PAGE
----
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  • Writer's pictureThe San Juan Daily Star

How a series of air traffic control lapses nearly killed 131 people

The air traffic control facility at Austin-Bergstrom International Airport in Austin, Texas, on Oct. 4, 2023.

By Sydney Ember and Emily Steel

On a foggy Saturday morning in February, an air traffic controller cleared a FedEx cargo plane to land on Runway 18L at Austin-Bergstrom International Airport in Texas. A Southwest Airlines jet was on the same runway, but the controller said it would take off before FedEx’s hulking Boeing 767 got too close.

As the FedEx plane descended through thick clouds, though, the pilots saw the silhouette of the Southwest 737. The two planes were seconds from colliding.

One of the FedEx pilots commandeered the air traffic control radio frequency. He ordered Southwest to abort its takeoff. It didn’t. The FedEx crew blasted the engines to climb away from the Southwest plane.

The FedEx plane, which had three crew members, skimmed less than 100 feet over the other jet. The 128 people aboard Southwest Flight 708 continued on their way to Cancún, Mexico. Passengers were unaware that they had nearly died.

In a year filled with close calls involving U.S. airlines, this was the one that most unnerved federal aviation officials: A disaster had barely been averted, and multiple layers of the vaunted U.S. air-safety system had failed.

While the incident’s basic contours have been made public, a New York Times reconstruction of the near collision shows that an air traffic controller made virtually catastrophic mistakes.

But the errors by the controller — who has continued to direct some plane traffic in Austin, Texas — were far from the whole story, according to 10 current and former controllers there, as well as internal Federal Aviation Administration documents reviewed by the Times.

Austin-Bergstrom, like the vast majority of U.S. airports, lacks technology that allows controllers to track planes on the ground and that warns of imminent collisions. The result is that on foggy days, controllers can’t always see what is happening on runways and taxiways. Some have even resorted to using a public flight-tracking website in lieu of radar.

In addition, for years Austin has had a shortage of experienced controllers, even as traffic at the airport has surged to record levels. Nearly three-quarters of shifts have been understaffed. Managers and rank-and-file controllers have repeatedly warned that staffing levels pose a public danger. The controller on that February morning was working an overtime shift.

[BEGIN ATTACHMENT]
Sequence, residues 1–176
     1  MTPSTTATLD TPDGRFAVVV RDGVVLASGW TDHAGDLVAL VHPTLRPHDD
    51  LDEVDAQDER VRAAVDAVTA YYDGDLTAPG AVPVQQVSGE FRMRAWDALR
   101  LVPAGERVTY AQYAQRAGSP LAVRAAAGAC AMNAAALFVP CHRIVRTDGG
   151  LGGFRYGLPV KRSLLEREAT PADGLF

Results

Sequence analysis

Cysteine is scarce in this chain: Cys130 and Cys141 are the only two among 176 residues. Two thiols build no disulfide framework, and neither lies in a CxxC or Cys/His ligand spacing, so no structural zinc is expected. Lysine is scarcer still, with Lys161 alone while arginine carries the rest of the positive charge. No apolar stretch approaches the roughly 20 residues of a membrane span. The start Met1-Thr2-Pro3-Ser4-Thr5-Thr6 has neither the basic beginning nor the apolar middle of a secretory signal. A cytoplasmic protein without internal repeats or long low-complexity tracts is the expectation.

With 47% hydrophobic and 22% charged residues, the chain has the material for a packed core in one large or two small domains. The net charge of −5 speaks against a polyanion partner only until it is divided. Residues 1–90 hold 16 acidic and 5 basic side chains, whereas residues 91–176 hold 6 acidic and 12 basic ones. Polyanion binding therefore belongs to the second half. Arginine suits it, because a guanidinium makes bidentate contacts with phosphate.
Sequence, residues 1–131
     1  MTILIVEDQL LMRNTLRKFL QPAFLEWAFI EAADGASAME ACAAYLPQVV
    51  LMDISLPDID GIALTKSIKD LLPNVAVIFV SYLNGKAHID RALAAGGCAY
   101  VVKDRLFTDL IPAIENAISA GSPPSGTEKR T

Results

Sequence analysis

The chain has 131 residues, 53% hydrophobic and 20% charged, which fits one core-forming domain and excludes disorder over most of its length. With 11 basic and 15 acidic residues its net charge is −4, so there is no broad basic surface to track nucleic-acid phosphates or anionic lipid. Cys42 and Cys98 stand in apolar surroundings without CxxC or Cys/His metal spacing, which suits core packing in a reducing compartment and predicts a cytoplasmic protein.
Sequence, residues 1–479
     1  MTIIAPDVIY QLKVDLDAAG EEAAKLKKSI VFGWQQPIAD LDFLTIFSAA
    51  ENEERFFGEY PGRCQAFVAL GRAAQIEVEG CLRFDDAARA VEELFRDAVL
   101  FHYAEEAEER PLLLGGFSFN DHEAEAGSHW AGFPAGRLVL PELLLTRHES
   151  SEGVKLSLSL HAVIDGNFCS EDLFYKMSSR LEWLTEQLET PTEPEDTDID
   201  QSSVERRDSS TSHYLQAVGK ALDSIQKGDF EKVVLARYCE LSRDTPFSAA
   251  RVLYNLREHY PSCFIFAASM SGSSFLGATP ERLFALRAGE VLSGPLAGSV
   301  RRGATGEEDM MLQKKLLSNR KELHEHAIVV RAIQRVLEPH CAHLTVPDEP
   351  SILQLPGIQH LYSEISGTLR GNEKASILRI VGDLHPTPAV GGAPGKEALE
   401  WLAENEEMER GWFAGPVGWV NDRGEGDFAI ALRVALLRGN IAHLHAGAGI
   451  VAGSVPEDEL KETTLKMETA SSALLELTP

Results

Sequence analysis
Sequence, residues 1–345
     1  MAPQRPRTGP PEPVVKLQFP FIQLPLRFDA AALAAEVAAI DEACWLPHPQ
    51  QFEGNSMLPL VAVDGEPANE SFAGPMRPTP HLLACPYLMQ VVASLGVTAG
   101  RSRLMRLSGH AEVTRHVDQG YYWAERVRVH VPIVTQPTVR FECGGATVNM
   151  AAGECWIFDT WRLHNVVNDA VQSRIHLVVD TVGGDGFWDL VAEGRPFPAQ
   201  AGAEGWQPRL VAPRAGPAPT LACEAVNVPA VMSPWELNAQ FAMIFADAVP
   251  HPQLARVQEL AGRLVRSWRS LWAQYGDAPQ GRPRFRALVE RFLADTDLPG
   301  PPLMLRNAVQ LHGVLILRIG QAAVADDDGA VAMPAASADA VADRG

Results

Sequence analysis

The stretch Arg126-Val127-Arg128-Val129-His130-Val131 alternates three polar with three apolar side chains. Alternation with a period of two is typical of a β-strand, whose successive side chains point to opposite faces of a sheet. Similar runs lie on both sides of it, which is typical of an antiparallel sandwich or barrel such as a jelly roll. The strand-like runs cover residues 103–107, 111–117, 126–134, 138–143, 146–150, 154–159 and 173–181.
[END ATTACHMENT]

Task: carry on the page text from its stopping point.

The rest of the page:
In June, Stephen B. Martin, then Austin’s top manager, and a local union representative wrote a memo pleading for more controllers. “Drastic steps are needed to allow the facility to adequately staff for existing traffic,” they wrote to FAA and union officials.

Austin is a microcosm of a systemic crisis. The safety net that underpins air travel in America is fraying, exposing passengers to potential tragedies like the episode in February.

The Times based its investigation on an analysis of FAA records, thousands of pages of federal safety reports, and interviews with more than 50 current and former pilots, air traffic controllers and federal officials. Many spoke to the Times on the condition of anonymity to protect their jobs.

“The close call in Austin should have never happened,” said Matthew Lehner, an FAA spokesperson. “The FAA immediately took a hard look and required training to reinforce current procedures at the facility.”

The National Transportation Safety Board is investigating the February incident. It has released its preliminary report into what the agency’s chair, Jennifer Homendy, described as nearly a “disastrous collision.” She added that “as close as that was, it’s just one of seven serious close calls and near misses involving commercial airlines that we have initiated investigations on this year.”

It was still dark outside when Damian Campbell started his overtime shift in the Austin control tower about 5:45 a.m. on Saturday, Feb. 4. This was supposed to be one of his days off, but a manager had asked him to come in because they were short staffed.